Audre Lorde is an undeniable influence, but I don’t know that other than the way we are all shaped by Walcott and Naipaul, Brathwaite and Miller, I am particularly influenced. Ah lie. Roger Bonair-Agard and Cheryl Boyce-Taylor, Trinbs on the New York spoken-word circuit at the time, helped shape my language. Roger and his poem Melda’s Song show up in the poem that opens my book; a line from Shivanee Ramlochan two poems later, Alake Pilgrim and James Aboud and the Spoiler two poems later; a line from Cherríe Moraga at the start of Section III. Perhaps by the gorgeousness of a Lovelace sentence, to whom my poem If Language Were Liquid pays tribute.
The most notable responses to the collection have been acknowledgments, particularly by Amílcar Sanatan, of how the work contributes to the imagination of Caribbean masculinity.
I can’t pick a favourite poem; the one I’m proudest of (and the most widely published) is perhaps The Mechanic. Some of the 1987 poems like Epiphany, about f---ing with Vaseline, stand out. Writing is an Arsenal predicts my cancer.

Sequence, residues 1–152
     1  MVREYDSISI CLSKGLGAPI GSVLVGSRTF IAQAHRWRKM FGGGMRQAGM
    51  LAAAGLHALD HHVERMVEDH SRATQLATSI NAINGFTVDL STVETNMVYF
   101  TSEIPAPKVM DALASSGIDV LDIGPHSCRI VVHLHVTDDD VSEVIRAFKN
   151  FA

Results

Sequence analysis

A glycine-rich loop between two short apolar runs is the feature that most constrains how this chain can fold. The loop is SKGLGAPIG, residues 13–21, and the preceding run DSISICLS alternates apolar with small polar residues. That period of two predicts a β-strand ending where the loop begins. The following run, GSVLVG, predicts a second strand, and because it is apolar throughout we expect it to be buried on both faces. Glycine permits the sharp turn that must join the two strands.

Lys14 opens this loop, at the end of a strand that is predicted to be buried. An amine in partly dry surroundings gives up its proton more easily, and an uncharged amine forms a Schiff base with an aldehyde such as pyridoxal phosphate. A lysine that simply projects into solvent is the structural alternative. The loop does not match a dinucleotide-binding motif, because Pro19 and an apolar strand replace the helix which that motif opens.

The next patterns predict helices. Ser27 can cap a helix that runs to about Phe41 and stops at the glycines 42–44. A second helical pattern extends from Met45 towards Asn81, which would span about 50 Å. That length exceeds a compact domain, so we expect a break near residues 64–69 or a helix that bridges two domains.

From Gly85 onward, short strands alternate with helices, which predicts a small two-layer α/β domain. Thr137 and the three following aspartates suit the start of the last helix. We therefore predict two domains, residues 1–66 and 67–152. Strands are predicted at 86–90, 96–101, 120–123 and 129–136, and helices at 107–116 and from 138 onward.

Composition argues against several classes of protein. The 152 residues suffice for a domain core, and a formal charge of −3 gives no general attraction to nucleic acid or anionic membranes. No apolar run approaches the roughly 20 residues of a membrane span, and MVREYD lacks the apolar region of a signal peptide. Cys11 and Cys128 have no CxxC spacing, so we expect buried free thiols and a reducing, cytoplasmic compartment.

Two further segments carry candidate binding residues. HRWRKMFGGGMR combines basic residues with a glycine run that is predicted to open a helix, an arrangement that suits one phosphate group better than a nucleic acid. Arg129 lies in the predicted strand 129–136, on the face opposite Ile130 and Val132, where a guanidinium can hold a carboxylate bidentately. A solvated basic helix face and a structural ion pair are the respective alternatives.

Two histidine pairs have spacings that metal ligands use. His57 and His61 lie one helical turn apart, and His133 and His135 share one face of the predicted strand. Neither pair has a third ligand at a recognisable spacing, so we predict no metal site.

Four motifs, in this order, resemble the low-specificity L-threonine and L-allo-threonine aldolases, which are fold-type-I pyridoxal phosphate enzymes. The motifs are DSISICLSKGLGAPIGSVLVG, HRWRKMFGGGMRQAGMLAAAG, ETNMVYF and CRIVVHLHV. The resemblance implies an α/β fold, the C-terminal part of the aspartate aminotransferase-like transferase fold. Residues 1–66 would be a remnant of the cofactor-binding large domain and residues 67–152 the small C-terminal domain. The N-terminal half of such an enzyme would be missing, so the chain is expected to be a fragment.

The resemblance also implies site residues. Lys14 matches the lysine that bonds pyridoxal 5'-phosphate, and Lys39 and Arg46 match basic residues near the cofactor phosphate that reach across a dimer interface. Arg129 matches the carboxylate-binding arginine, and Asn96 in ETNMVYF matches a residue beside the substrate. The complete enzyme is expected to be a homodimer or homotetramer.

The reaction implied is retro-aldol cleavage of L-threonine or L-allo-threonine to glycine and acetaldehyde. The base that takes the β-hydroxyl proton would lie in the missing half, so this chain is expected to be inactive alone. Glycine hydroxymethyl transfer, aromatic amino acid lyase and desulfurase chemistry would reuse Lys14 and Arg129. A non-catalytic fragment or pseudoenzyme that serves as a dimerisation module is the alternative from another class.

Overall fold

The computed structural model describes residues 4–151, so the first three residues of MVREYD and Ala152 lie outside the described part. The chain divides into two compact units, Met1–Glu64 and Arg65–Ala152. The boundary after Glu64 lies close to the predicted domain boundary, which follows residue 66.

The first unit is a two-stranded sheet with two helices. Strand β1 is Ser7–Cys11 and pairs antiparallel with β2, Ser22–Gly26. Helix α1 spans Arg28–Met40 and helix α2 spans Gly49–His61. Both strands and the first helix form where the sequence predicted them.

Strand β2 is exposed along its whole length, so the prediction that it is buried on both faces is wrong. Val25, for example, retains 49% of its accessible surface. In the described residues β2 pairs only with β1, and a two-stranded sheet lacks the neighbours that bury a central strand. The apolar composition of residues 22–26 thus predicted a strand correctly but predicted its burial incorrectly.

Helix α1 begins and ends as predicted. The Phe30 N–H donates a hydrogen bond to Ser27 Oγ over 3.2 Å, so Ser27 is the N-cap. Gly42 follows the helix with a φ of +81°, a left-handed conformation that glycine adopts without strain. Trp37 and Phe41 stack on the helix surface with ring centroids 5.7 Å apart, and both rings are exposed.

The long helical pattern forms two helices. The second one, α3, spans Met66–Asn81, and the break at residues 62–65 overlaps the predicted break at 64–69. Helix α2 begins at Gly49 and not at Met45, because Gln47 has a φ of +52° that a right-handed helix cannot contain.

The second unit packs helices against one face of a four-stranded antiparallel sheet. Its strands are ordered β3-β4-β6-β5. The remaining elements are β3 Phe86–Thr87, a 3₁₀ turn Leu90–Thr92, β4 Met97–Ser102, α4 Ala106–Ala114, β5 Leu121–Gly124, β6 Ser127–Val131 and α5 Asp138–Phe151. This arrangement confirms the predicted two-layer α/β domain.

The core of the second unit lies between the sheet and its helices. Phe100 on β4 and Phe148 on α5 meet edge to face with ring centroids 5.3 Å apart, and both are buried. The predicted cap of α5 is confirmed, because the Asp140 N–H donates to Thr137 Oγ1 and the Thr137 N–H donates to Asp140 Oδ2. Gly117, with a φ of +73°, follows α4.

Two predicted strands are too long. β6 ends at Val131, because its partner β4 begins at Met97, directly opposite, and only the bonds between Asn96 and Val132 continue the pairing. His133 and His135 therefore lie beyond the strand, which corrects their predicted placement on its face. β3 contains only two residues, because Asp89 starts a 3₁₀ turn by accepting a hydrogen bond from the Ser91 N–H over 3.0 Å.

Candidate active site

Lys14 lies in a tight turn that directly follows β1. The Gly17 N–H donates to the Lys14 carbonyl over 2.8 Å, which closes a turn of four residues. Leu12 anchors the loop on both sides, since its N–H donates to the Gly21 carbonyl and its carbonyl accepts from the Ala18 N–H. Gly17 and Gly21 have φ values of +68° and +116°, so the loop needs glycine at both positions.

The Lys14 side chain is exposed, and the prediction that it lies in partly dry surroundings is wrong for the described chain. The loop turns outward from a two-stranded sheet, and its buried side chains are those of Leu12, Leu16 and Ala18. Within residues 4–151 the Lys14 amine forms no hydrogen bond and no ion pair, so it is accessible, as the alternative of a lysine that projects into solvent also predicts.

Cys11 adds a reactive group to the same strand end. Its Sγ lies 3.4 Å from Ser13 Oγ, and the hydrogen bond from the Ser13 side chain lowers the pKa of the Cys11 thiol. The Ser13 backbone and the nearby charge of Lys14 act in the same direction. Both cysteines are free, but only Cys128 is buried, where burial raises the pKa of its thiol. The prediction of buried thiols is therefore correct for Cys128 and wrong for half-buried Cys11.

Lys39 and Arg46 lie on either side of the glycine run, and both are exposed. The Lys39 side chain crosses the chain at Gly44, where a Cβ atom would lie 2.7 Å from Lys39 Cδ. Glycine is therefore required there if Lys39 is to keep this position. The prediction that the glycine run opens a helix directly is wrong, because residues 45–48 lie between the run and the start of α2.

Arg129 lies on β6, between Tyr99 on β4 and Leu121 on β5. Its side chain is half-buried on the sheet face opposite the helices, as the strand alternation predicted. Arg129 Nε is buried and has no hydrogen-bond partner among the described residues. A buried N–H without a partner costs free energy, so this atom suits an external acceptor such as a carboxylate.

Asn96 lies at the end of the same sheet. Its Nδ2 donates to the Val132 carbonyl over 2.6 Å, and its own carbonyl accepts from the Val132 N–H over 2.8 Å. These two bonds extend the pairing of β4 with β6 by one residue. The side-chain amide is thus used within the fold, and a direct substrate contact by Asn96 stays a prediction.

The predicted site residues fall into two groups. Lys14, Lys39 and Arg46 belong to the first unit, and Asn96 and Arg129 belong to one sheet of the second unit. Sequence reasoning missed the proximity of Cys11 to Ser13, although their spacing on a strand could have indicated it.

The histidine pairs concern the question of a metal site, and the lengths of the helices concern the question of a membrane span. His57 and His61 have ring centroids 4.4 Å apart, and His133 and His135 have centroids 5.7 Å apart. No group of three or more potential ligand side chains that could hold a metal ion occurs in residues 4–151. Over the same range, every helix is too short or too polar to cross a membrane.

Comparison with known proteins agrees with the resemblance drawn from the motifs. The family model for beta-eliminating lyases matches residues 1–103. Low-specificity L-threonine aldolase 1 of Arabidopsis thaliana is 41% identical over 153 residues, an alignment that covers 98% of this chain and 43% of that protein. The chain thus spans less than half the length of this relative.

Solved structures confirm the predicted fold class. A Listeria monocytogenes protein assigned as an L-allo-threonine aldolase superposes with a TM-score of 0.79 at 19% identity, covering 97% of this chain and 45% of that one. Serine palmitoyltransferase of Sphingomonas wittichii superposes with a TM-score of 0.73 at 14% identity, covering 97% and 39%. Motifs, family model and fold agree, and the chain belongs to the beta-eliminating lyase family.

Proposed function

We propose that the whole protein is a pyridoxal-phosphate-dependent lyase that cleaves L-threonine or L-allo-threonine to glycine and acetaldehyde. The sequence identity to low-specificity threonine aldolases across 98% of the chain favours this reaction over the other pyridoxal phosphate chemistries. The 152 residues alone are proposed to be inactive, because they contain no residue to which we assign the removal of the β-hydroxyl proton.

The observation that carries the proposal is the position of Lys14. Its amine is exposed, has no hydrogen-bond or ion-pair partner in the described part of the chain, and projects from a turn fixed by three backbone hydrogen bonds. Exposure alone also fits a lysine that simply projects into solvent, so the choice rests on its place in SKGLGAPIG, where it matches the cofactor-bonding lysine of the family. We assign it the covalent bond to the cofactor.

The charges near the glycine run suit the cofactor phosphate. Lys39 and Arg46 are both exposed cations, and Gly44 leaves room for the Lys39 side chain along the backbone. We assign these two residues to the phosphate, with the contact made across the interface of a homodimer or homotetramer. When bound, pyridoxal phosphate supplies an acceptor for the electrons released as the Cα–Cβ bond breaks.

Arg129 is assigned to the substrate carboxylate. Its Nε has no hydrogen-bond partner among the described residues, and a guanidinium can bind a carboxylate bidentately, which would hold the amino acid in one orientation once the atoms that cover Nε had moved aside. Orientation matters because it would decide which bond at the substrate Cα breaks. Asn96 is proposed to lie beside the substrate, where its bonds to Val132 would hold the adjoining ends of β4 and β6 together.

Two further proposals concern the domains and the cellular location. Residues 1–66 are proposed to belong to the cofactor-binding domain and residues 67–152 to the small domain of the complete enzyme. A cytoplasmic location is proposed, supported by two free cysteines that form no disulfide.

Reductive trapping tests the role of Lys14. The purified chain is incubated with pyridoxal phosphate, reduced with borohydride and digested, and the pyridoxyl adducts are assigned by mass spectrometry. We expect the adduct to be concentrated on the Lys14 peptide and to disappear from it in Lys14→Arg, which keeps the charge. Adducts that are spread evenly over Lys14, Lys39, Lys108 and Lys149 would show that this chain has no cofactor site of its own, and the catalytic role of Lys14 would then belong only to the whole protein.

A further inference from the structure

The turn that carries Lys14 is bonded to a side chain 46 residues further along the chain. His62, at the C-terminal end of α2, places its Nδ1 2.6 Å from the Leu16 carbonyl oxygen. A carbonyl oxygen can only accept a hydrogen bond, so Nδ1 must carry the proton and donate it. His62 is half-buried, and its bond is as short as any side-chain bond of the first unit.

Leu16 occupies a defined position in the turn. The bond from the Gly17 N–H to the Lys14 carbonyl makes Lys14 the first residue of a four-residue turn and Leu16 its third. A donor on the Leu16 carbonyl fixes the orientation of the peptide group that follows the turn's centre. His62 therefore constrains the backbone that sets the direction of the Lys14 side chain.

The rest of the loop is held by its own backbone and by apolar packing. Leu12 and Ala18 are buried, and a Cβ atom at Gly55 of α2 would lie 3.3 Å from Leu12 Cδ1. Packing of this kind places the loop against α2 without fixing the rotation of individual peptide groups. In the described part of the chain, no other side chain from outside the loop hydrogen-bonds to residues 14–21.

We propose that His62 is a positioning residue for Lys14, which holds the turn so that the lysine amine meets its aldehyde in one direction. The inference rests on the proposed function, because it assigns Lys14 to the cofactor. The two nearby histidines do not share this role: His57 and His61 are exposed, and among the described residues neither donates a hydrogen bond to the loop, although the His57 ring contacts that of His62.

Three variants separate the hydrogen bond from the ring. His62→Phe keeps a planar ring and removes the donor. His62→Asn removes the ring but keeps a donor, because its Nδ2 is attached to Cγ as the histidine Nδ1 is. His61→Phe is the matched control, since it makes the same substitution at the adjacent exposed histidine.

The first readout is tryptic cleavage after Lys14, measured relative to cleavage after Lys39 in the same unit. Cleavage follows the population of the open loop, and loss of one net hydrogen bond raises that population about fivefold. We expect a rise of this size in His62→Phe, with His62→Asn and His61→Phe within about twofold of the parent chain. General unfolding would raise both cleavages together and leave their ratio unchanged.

My favourite piece of writing used to be my March 2015 Guardian column, Grief, Hope, Love & Activism. It is now a passage embedded in one of my Newsday columns (August 24, 2017) about how my mother hid her shame from me.
I think the column has more become canon. It is a space where over six years I have been given the opportunity mostly by (Newsday and former Guardian editor-in-chief) Judy Raymond to write as a gay man about current affairs and culture – and myself. I can think of little like it in the local media. I think it’s the writing I’ve done that’s had the most impact and significance.
Is there uncollected work that you wrote after the book, or work that didn’t make the cut at the time but which you still consider worthy of publication? If so, do you have a plan for it?
I don’t have plans for another poetry collection. Indeed, it seems as if I stopped writing new poems after we made the final cut for Hard Head. So much so that I’ve found it hard to get into writing workshops to try to start writing again, because I don’t have new work to submit.
There are a lot of weak poems about desire on the cutting-room floor.
If you had to do it again, would you establish CAISO? What do you consider its most profound achievement? Its greatest disappointment?
You know, the CAISO board discussed this just last night.